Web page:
Read Exodus 16:1-5
1 Then the whole community of Israel set out from Elim and journeyed into the wilderness of Sin, between Elim and Mount Sinai. They arrived there on the fifteenth day of the second month, one month after leaving the land of Egypt.2 There, too, the whole community of Israel complained about Moses and Aaron.
3 “If only the Lord had killed us back in Egypt,” they moaned. “There we sat around pots filled with meat and ate all the bread we wanted. But now you have brought us into this wilderness to starve us all to death.”
4 Then the Lord said to Moses, “Look, I’m going to rain down food from heaven for you. Each day the people can go out and pick up as much food as they need for that day. I will test them in this to see whether or not they will follow my instructions. 5 On the sixth day they will gather food, and when they prepare it, there will be twice as much as usual.” (NLT)
How tempting it is to indulge in a bit of nostalgia and remember the ‘good old days’. While we may have valid fond memories of such times, it is dangerous to assume things were always better in those days.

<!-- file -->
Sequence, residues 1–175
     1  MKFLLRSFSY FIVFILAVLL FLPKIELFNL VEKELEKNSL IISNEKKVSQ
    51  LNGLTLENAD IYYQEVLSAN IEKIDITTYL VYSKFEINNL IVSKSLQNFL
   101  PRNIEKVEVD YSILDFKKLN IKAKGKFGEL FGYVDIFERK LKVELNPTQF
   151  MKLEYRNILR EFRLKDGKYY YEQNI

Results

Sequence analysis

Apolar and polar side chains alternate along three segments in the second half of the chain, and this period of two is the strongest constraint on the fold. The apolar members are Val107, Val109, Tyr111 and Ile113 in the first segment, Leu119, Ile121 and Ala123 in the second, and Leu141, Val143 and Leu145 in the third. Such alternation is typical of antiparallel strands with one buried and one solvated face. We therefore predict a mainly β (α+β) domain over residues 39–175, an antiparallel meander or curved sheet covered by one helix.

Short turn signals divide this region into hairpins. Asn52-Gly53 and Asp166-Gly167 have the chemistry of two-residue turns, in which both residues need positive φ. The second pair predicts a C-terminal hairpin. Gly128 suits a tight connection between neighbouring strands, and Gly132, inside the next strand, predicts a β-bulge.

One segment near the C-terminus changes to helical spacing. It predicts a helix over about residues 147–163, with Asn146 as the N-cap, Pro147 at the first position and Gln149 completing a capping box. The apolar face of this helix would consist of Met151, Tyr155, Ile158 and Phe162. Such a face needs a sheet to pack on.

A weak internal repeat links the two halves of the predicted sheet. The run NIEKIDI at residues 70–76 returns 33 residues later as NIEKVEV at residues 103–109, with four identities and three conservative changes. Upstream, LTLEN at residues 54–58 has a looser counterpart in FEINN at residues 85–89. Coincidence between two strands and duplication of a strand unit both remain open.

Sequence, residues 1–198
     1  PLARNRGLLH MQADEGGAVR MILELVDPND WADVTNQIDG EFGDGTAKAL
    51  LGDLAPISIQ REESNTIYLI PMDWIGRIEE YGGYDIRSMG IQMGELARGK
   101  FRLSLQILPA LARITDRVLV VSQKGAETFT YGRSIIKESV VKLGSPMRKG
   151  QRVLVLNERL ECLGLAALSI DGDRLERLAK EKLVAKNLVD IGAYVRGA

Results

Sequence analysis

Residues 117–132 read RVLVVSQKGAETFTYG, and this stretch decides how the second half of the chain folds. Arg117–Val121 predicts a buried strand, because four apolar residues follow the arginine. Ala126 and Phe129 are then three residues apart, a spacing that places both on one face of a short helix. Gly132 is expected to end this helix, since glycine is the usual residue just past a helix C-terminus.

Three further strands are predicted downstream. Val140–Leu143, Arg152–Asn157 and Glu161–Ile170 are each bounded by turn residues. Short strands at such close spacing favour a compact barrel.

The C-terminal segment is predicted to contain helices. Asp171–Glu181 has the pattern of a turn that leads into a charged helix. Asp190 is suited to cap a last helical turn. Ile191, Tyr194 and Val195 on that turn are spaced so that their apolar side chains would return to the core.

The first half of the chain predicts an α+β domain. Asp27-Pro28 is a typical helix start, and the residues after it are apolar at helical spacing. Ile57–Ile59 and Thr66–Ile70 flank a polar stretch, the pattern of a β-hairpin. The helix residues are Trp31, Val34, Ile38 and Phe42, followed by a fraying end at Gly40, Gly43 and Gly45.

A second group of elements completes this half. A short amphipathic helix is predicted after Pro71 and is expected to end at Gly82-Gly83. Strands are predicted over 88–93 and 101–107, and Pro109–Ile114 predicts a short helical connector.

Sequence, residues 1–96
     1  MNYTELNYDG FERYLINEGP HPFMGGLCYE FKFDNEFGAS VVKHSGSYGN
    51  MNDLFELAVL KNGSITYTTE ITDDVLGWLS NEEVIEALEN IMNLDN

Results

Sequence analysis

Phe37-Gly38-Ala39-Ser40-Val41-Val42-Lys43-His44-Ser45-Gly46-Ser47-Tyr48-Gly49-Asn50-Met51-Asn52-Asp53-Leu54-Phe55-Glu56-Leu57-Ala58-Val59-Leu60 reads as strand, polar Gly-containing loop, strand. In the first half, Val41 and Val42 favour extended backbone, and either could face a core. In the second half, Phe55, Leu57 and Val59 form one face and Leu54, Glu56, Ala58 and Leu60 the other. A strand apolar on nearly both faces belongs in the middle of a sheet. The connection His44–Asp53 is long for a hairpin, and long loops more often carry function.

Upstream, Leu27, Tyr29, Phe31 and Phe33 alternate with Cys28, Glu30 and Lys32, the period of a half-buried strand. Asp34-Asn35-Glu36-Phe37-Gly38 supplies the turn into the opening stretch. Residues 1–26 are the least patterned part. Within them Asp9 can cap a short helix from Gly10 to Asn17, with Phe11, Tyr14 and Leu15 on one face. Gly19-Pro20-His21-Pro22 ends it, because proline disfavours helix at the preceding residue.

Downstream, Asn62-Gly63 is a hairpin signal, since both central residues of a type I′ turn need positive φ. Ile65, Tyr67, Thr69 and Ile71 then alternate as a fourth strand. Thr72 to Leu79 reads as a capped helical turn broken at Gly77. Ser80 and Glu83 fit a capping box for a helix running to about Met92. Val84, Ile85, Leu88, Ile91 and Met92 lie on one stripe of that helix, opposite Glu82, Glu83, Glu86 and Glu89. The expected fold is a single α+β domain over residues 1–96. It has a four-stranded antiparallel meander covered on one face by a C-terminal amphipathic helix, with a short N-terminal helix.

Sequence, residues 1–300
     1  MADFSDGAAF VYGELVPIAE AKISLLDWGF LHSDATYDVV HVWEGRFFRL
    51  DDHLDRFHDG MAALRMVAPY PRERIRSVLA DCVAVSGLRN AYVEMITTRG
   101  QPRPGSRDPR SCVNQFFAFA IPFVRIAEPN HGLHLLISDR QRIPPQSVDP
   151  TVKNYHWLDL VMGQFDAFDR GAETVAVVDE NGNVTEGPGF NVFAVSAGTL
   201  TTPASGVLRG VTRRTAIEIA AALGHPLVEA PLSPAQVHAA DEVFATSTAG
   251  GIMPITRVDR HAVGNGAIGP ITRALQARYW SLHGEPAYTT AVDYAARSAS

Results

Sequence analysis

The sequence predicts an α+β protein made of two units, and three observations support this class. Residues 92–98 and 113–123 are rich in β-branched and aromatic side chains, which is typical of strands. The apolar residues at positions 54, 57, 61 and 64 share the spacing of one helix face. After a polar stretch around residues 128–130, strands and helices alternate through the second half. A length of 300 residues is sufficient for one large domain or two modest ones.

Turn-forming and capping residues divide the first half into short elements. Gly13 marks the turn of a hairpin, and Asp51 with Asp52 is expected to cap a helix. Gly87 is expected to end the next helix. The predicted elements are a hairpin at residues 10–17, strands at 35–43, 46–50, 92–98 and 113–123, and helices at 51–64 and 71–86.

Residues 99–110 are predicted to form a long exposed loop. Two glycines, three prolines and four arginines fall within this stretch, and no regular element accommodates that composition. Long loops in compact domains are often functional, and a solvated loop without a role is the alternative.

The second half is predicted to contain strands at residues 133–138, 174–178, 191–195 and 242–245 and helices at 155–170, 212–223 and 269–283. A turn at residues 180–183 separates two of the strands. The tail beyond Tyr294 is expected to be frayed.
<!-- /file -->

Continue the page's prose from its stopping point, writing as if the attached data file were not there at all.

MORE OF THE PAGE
The freed Israelites were complaining about how hard things were in the wilderness. And already some ‘romanticising’ has entered their thinking. Their previous suffering as slaves in Egypt had been forgotten and the few ‘fringe benefits’ were exaggerated. If we are going through hard times, it is so easy to think back to how much better things seemed to be in the past. Which may or may not be true.
In any case, God promises to provide for the Israelites by providing a miraculous source of food for them. That provision also involves a test. The gathering and consumption of that food will have some conditions attached. God’s gracious provision doesn’t mean they can do what they like with it.
If our minds are set on how good it was in the past, we are not only guilty of misrepresenting that past, but we may blind ourselves to what God is doing in the present. And we may not respond to what he is doing in the right way. Which is what did happen to these Israelites a bit later.
The good old days might have been good in their own way, but let’s not ignore the likelihood of good new days as well.
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